During the first week of March, news.Bitcoin.com reported on a $65 million investment into the ‘behind-the-meter’ bitcoin mining operation, Greenidge Generation LLC in Dresden, New York. The Greenidge plant operates 7,000 bitcoin miners and on April 8, the firm revealed the sale of 106 petahash of hashpower to an undisclosed buyer. The purchase is considered a watershed moment for bitcoin mining, as the institutional sale of hashpower indicates that mining operations are trending toward industrial solutions.
‘Behind-the-Meter’ Mining Operation Greenidge Completes the Sale of the First Fully-Compliant Mining Product
The bitcoin mining operation at the Greenidge Generation plant located in Dresden, New York has successfully sold its first hashpower contract to an undisclosed buyer. Our newsdesk reported on the ‘behind-the-meter’ bitcoin mining operation in March and detailed that Greenidge hosted 14MW of power dedicated to SHA256 mining. Greenidge has plans to increase capacity by 106MW in the near future.
The sale of 106 petahash (PH) is monumental because it represents the industrialized state of affairs bitcoin mining is now geared toward. These days mining operations are handled by large pools, while hobbyists with mining rigs and home bitcoin mining operations are a thing of the past. Even Bitcoin’s inventor, Satoshi Nakamoto, envisioned the mining ecosystem trending toward industrialized server farms.
“At first, most users would run network nodes, but as the network grows beyond a certain point, it would be left more and more to specialists with server farms of specialized hardware,” Nakamoto wrote in 2008. “A server farm would only need to have one node on the network and the rest of the LAN connects with that one node.”
The 106PH sale was executed by the company Bitooda Digital LLC and it was finalized on a Bitooda Hashtm contract. The contract scheme is a fully-compliant financial product launched in January 2020, which records the sale of mass quantities of SHA256 hashpower. Bitooda says that it optimizes the experience of “settlement and delivery” and makes hashpower transactions more “seamless.” The Bitooda Hashtm contract means that Greenidge can sell fully regulated blocks of hashpower to entrepreneurs and institutional investors.
“[We are] providing the same kind of time-tested hedging capabilities seen in traditional commodity markets, such product brings the benefits of clean and energy-efficient bitcoin mining from Greenidge to institutional investors throughout the United States,” said Greenidge CFO, Tim Rainey. The Greenidge executive added:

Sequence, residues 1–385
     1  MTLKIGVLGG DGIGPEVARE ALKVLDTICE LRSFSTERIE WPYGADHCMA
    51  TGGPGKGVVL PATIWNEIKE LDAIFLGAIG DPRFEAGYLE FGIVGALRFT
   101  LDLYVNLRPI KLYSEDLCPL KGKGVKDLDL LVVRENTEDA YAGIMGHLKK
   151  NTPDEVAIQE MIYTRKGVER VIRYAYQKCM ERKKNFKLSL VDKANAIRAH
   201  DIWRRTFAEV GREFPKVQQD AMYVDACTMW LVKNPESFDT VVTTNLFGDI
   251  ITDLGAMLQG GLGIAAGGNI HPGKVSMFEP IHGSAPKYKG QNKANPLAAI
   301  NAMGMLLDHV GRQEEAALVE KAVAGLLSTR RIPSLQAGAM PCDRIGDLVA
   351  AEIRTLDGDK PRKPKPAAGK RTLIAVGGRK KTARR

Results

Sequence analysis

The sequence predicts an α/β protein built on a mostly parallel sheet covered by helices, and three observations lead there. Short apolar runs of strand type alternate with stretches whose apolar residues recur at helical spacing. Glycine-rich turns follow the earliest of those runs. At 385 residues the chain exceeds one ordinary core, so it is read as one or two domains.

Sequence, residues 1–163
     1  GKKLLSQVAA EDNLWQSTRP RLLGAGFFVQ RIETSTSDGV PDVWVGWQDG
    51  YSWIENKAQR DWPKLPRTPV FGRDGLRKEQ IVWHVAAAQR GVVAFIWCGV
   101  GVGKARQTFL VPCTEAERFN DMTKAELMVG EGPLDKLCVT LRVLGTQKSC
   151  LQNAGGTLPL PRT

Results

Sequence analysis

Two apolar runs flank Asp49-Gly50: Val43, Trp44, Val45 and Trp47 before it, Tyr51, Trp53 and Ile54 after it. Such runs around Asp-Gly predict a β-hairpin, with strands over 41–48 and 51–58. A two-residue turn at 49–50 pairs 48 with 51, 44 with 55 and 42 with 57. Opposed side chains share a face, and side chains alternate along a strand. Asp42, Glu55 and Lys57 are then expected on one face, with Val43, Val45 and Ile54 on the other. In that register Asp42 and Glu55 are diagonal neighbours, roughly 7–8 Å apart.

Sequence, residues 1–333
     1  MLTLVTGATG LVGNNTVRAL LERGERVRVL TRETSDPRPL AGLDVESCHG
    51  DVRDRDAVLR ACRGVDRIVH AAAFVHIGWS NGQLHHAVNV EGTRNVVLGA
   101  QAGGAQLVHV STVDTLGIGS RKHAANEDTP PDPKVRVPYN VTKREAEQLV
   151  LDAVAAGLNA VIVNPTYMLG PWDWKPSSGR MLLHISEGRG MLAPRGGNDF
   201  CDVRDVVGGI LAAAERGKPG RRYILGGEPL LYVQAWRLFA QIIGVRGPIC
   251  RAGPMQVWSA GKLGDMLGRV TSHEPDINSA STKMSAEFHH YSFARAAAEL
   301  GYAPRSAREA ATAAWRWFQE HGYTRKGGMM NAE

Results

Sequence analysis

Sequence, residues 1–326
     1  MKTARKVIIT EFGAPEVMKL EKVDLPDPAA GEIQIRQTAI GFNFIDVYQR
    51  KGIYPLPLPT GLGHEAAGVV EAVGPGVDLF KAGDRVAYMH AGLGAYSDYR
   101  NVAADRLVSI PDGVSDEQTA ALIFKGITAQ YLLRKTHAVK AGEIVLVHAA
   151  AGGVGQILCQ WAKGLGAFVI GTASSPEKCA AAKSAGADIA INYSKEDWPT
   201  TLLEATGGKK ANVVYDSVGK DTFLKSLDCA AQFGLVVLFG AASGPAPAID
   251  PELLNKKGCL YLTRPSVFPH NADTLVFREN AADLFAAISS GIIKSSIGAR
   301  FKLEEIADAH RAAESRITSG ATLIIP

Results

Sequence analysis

We look forward to working with Bitooda and other partners as we continue to scale our mining operations and, through our partners, extend the range of investment options over the coming year.
The Industrialization of Bitcoin Is Here
The Dresden, New York-based facility is capable of producing more than 100MW of clean energy with gas stemming from the Empire Pipeline System. The Greenidge plant is considered the first of its kind hybrid, ‘behind-the-meter’ bitcoin mining operation. Greenidge claims to leverage a professional mining team of experts and uses next-generation technology. Of course, many people have envisioned Bitcoin mining turning into a major industry and for the most part, it has matured a great deal.
However, some people believe that mining operations shouldn’t grow to an industrial scale despite Nakamoto’s past statements. In fact, the mining operation Genesis Mining recently published a report called the State of Crypto Mining, which indicates some miners believe that home mining will return. “One third believed that power will shift from large centralized groups to smaller home miners,” explains the research report published by the company. With the massive growth of mining pools, mega-sized bitcoin mining facilities filled with thousands of rigs worldwide, and institutional funds flowing into this environment, it doesn’t seem like home mining will return at all.
What do you think about the recent sale of 106PH of hashpower? Let us know in the comments below.
Image Credits: Shutterstock, Pixabay, Wiki Commons, Greenidge Generation LLC
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